The search for gnocchi February 18, 2007Posted by C Y Gopinath in Food.
Even if you can’t pronounce it, you can’t stop it from being a surefire hit, says C Y Gopinath
THE SEARCH FOR GNOCCHI IS OVER. It ended about two weeks ago, on page 512 of the Larousse Gastronomique. Silly of me not to have thought of it before, but I’m known for that sort of addle-patedness. In the meantime, over ten years had passed. The world had undergone radical transformations: empires had fallen, princes had been brought to their heels (but not their senses) by national scandals, the USSR had humbled itself but still been unable to improve upon its national soup, borsch. Here in India the famous Jain pizza had been perfected, with cholé topping and no garlic.
Meanwhile, I had grown old and tired searching for the original gnocchi. I remembered very little about it except that it had ingredients that could turn greedy little pigs into gourmets: lots of cheese, bluggles of milk, globblops of butter, flour and such. In addition, I recalled effortlessly the rich brown aroma of the baking session that ended the cooking. The final dish, bubbling with hot butter, had little bits of pink sticking out through the molten cheese. What could it have been? And there was something green too. Whatever could that have been?
I made gnocchi (meaning ‘lumps’ in Italian) first in 1982 in the house of an unsuspecting friend (who, since exiled to Russia, carefully avoids mentioning borsch in her despatches). I distinctly recall that the recipe did not come to me in a dream, but was laboriously copied from a book, and that too one not on Italian cuisine. There were perhaps 20 invitees to the party, and they thought ganochi, as they called it, was a specialty of Kathiawar. However, there was perfect silence, broken only by nutmeg burps, while they ate. I was an immodest hit, and was approached immediately by several eligible young women , who wanted to know if I thought a man’s place was in the kitchen.
For years after that I forgot about gnocchi, and gnocchi forgot about me. I went to Italy where, at an open-air restaurant by the Tiber, I washed down frabjous thin-crust pizzas with white Chianti. I learnt about farfalle, or butterfly-shaped pasta. (I also picked up an interesting little phrase, figlio di putane, but less of that later. Figlio means ‘son’, di means ‘of’. I can’t tell you more.)
Two weeks ago, I was doing my morning exercises — lifting the Larousse Gastronomique 20 times, first with the left hand and then with the right — when it fell open to the page with the word quenelle, meaning dumpling in the area of the world called Alsace. As you know, I am fascinated by strange deja vû words. In quick succession, I discovered knödel, noque, knepfle, all meaning dumplings in various European languages. One thing led to another, and suddenly I found myself staring at an ancient 7-letter word starting with ‘g’. Small dumplings, read the description, made of flour, semolina, potato or choux pastry. My heart leaped. Gnocchi. At last.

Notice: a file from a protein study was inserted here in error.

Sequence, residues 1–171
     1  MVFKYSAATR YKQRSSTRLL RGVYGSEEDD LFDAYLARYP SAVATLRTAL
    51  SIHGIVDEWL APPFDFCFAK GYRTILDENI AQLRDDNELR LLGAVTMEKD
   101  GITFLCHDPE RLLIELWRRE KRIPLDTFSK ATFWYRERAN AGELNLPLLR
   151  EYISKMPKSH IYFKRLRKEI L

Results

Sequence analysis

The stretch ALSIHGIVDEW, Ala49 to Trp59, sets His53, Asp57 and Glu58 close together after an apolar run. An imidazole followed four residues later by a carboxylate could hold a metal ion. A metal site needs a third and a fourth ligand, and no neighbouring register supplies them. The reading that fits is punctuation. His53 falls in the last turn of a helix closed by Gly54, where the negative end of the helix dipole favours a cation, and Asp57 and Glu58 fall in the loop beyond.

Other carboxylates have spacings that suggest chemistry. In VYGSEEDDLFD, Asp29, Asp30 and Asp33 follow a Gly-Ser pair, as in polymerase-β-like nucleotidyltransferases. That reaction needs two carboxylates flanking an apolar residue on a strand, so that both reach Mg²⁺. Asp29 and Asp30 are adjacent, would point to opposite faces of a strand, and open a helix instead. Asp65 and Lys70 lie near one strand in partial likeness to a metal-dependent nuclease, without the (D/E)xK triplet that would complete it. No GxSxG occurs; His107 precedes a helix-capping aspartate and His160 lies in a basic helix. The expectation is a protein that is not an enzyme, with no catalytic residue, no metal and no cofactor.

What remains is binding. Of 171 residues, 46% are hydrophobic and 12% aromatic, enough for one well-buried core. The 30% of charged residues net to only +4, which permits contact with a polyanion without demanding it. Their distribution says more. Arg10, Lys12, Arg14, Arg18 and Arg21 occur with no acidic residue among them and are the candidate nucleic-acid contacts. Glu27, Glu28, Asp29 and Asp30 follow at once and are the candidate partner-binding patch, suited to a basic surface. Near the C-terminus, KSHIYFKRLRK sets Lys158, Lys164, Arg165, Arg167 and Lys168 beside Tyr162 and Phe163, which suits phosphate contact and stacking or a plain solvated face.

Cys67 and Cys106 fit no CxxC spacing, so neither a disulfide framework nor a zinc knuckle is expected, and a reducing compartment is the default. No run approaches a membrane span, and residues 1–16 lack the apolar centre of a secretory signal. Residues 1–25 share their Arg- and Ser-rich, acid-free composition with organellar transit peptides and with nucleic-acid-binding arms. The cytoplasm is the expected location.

Three kinds of gnocchi are listed in the Gastronomique, and two of them may be safely kept aside. The one that we are concerned with is gnocchi á la romaine. Here’s how you could make an extremely high-calorie but unputdownable gnocchi dinner for four. It’s normally enough to serve it with a fresh, wet, green salad, perhaps with bits of celery or parsley.
Pour 125 gms of white flour (maida) into 2 cups of boiling milk and stir it till you get a very smooth porridge. Add salt, pepper and grated nutmeg, some freshly ground black pepper, 1 cup grated Parmesan or Mozzarella cheese and 2 tablespoons butter, and blend into the paste. Allow it to cool and then add 1 lightly beaten egg and 1 yolk.
You should have a fine paste in front of you. (If you include fresh spinach among the ingredients, the paste gets coloured a pleasant green).
Spread this out on a large moistened slab and leave it under a fan till it is completely cool. Separately, prepare some Bechamel sauce — melt 3 tablespoons butter over low heat in a heavy saucepan. Add 6 tablespoons flour and stir briskly till the mixture is smoothly blended without the colour changing. Add 2 cups of milk and whisk with a wire whisk to prevent lumps forming. Season with a salt and freshly ground black pepper, and cook it slowly till it is medium thick.
With a pastry cutter, or a knife, cut the cooled paste into rounds of squares. Arrange these in a buttered baking dish, with alternate layers of Bechamel sauce and ham. Sprinkle lots of cheese over the top, pour dollops of melted butter over it, and then brown it slowly in an oven.
And by the way, it isn’t pronounced ganochi. It’s nyoki.